Brits travelling to Europe on short breaks can save £100s on their Christmas shopping #Entrepreneur @MondoPlayer [Video]

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BRITS travelling to Europe on short breaks can save hundreds of pounds on their Christmas shopping.A study by Post Office Travel Money found UK visitors can save up to 15 per cent — almost £229 — on a basket of ten gift items, including Levi jeans, Clinique lipstick and an...

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BRITS travelling to Europe on short breaks can save hundreds of pounds on their Christmas shopping.

A study by Post Office Travel Money found UK visitors can save up to 15 per cent — almost £229 — on a basket of ten gift items, including Levi jeans, Clinique lipstick and an Apple iPad.

 Enjoy a break to Berlin and clean up with big savings on your Christmas shopping
Enjoy a break to Berlin and clean up with big savings on your Christmas shopping

Four of the five European cities surveyed — Berlin, Vienna, Lille and Riga — proved cheaper than London, where the overall total was £1,519.

Anyone heading to New York can save the most — the total there came out cheapest at £1,189.51. But as the difference between the totals in New York and Berlin was just £100, the German capital proved to be better value when travel costs were taken into account.

Then, of course, there are also the pre-Christmas sales bargains to be had in Europe as well as here.

Andrew Brown, of Post Office Travel Money, said: “It all comes down to what holiday shoppers want to buy. As in previous years the cost of most items is cheaper in New York than London, while it will pay to be very selective in Europe because costs vary significantly. But holidaymakers visiting Christmas markets in European cities will find bargains in the shops as well as the markets.”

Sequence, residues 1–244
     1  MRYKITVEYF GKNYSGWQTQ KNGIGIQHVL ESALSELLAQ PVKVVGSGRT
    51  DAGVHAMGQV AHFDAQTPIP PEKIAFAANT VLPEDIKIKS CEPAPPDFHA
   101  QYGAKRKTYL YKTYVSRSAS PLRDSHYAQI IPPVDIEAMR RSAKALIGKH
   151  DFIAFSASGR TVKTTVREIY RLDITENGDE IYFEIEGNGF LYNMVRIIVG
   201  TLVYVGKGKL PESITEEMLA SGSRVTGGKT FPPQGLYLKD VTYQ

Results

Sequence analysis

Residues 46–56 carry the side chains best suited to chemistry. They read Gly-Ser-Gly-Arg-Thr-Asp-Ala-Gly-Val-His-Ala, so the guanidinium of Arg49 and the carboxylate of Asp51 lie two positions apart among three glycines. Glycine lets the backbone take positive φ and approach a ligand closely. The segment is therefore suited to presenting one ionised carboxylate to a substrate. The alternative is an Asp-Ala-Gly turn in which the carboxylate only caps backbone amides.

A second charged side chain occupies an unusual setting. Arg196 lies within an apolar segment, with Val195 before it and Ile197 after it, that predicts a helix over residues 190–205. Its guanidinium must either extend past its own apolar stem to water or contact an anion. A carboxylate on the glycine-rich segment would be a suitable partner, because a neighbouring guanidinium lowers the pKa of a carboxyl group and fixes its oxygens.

How much you could save on the basket of goods surveyed
How much you could save on the basket of goods surveyed

Shoppers can save more than 23 per cent on the London price (£399) of an iPad Mini 4 128GB in Lille (£306), or 17.2 per cent in Berlin (£331).

There are savings of more than 25 per cent on a GoPro Hero 7 silver camera in all the European cities surveyed. In Riga and Vienna, you can save up to 33 per cent, paying £186 compared with £279 in London.

Luxury cosmetic and fragrance brands like Marc Jacobs, Calvin Klein and Clinique also offer significant savings on the Continent.

Marc Jacobs Daisy eau de toilette (50ml) costs £55 in London but is over 22 per cent cheaper in Berlin (£43).

 Heading to New York will also bring savings over London for the gifts

Alan MacGregor Ewing

Heading to New York will also bring savings over London for the gifts

Calvin Klein CK One (50ml) costs £29 in London and £16 in Riga — 44 per cent less. And you can save 25 per cent or more on Clinique eye shadow palettes in Riga and Vienna.

But Andrew warned: “Our research found big price variations across Europe and bargain hunters could find themselves paying more than in the UK, particularly for fashion items.